studying student in library

Studying How to Get People to Study

By Ross E. O'Hara
Ph.D.

February 27, 2019

Editor’s Note:  Yes, I know I’m lucky.  Education was always a priority in my family. Going to college was a given. Grad school became the same. Since I was the youngest of three, I never questioned it. It was just what you do. I never asked “Why?” or “What’s in it for me?”  I just did it.

I don’t want to stay on this therapist couch too long – though it is comfy – so I’ll just say that I know my experience was not the norm, I was privileged, it is ridiculous. 

But – especially given the evolving nature of our economy and culture, a greater understanding of success, happiness and meaning, the rising cost of education and my two or so kids – what does motivate people to attend and finish college? And how might that apply to the rest of our personal, professional and organizational lives?

 

Motivation is a tricky business. A longstanding school of thought argues that people do things for rewards: pay me, feed me, badge me, do something to make me happy. Give me a tangible incentive! But we’re more complex than lever-pressing rats, and we underestimate how motivated we are by more uniquely human needs, like social acceptance and a sense of purpose.

The business world is catching on. Charlotte Blank, chief behavioral officer at Maritz, discussed the benefits of employees understanding the value of their work. She writes, “Creating a sense of meaning and purpose in the workplace is a wise investment … Contrast this with the meta-analytic findings that pay and job satisfaction are only marginally correlated.” Purpose is important for motivating customers, too. Jeff Kreisler (Author’s note: Always hat tip your editor [Editor’s note: True]) wrote this summer about how we’re more likely to refer someone to a service, like a bank or food delivery, if the incentives for doing so go to our friends rather than to ourselves. While we may get “paid” in reputation points, it’s not so simple to reconcile that pro-social impulse with our common understanding of how incentives should work.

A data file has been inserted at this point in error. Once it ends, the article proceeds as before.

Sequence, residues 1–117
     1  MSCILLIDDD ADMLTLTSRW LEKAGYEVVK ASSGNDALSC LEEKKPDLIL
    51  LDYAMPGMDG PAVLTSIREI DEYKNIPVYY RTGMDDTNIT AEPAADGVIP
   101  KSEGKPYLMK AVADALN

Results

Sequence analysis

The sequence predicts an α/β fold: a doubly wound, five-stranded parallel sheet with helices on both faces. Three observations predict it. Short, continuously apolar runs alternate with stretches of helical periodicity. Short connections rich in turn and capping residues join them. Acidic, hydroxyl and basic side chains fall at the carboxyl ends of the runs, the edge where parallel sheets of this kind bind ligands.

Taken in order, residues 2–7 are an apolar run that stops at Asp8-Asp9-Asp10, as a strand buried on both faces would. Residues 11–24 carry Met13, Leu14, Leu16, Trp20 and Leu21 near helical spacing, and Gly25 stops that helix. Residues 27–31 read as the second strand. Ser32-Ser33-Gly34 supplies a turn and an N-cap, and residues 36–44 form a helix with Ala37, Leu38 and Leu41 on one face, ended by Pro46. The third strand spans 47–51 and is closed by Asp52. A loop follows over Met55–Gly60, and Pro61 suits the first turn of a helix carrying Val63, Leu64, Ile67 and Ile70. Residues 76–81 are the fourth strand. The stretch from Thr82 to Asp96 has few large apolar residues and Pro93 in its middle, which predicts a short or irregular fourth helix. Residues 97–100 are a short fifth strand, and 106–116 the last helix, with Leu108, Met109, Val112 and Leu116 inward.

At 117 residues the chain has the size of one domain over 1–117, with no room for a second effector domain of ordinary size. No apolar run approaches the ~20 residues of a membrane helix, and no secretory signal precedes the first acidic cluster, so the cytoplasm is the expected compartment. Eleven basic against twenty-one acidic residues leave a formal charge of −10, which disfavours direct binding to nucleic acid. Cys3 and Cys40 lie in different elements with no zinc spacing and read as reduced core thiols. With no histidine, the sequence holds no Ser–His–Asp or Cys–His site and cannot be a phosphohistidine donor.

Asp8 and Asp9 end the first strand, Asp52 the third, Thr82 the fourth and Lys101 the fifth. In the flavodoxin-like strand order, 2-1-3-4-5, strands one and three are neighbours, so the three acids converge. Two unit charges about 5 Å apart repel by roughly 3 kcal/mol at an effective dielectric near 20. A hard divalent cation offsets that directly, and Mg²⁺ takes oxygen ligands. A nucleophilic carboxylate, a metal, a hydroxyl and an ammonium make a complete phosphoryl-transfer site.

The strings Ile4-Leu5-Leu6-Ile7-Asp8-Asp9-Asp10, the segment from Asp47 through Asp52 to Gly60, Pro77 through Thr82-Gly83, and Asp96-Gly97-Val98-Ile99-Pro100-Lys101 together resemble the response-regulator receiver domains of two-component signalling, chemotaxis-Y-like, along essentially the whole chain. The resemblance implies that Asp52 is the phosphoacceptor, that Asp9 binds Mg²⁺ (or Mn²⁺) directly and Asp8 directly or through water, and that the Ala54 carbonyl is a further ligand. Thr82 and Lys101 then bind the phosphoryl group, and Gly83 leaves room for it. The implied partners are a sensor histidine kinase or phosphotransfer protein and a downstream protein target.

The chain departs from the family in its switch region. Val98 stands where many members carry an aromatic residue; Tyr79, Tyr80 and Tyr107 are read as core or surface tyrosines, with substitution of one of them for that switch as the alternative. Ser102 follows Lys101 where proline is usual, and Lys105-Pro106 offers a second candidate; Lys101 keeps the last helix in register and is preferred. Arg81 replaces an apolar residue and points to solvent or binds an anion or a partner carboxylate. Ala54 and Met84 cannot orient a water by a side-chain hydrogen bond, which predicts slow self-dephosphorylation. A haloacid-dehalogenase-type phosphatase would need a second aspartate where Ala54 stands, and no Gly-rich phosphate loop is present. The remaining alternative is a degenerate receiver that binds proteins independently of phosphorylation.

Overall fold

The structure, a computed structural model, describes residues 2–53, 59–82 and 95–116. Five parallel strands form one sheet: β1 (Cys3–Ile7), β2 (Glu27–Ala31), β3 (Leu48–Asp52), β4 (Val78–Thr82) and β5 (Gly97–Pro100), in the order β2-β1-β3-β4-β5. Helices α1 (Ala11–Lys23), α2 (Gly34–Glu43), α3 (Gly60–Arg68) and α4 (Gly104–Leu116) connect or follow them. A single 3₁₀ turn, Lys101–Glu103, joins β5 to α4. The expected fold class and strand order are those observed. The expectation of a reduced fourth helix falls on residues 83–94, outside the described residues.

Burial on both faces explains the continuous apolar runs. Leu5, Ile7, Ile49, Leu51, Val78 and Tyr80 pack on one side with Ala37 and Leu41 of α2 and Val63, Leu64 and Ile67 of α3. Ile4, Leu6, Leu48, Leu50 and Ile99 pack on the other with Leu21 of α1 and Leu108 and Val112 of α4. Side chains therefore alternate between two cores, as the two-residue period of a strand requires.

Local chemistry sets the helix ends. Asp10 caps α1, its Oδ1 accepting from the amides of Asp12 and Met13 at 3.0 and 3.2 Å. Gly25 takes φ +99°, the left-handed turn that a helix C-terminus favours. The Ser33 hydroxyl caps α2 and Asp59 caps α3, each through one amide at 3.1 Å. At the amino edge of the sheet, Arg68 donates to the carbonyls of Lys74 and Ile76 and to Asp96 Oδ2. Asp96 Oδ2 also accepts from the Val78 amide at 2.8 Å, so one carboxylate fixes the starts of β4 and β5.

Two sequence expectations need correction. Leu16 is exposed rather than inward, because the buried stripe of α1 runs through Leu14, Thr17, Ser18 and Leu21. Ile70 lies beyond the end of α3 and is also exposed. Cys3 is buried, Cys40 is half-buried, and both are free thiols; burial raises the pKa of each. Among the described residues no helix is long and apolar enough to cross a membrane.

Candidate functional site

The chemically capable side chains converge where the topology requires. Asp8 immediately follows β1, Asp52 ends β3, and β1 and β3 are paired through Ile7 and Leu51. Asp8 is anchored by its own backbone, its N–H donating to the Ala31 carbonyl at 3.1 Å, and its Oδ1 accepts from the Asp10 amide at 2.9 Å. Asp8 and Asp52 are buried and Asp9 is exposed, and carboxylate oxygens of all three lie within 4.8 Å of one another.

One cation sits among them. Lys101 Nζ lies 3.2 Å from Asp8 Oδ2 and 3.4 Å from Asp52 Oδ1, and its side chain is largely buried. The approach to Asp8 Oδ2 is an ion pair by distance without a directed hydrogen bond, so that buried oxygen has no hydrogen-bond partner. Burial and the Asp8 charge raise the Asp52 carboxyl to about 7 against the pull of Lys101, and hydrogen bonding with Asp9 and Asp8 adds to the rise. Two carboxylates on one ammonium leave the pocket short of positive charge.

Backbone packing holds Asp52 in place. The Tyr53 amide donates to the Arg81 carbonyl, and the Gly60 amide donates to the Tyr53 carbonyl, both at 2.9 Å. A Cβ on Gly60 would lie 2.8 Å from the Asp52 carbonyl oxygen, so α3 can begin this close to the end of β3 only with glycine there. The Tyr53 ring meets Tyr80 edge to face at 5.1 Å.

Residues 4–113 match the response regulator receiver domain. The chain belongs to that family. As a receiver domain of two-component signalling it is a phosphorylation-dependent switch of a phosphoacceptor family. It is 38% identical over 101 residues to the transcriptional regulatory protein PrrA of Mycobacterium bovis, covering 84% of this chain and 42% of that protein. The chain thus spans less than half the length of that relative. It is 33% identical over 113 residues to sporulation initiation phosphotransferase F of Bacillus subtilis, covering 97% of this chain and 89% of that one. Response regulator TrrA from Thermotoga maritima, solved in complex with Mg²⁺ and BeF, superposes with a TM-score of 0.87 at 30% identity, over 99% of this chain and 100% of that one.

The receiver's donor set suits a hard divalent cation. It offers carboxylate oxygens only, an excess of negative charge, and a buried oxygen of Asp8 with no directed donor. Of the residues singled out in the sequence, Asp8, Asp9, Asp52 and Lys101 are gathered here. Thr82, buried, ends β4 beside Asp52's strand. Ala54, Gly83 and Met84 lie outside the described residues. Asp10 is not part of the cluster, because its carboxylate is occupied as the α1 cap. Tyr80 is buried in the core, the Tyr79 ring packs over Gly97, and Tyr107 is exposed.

We underestimate how motivated we are by more uniquely human needs, like social acceptance and a sense of purpose.

Incentives and Purpose in Higher Education

As a behavioral researcher working within higher education, I witness the importance of purpose every single day. Going to college is a complex, multi-faceted decision that can come at great personal and financial cost, making the meaning behind that decision especially critical. Yet today’s conversation around college too often focuses on the professional and financial gains conferred by a degree. College graduates have greater job stability, are more likely to receive benefits such as health insurance and retirement contributions, and earn an average of $1 million more over their lifetimes compared to people without a degree. Those are mighty strong incentives to go to college, yet the majority of people who start college never finish.